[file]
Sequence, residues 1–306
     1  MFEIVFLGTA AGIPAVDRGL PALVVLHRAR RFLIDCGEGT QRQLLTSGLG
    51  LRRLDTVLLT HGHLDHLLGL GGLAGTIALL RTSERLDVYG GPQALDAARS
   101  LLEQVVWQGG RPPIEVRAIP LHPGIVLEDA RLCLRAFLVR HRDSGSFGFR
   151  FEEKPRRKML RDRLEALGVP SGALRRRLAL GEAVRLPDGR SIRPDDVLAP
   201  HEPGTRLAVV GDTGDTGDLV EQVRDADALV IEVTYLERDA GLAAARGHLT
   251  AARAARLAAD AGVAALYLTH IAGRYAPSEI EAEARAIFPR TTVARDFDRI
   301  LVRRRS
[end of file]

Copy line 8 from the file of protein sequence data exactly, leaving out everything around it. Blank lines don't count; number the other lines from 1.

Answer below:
   301  LVRRRS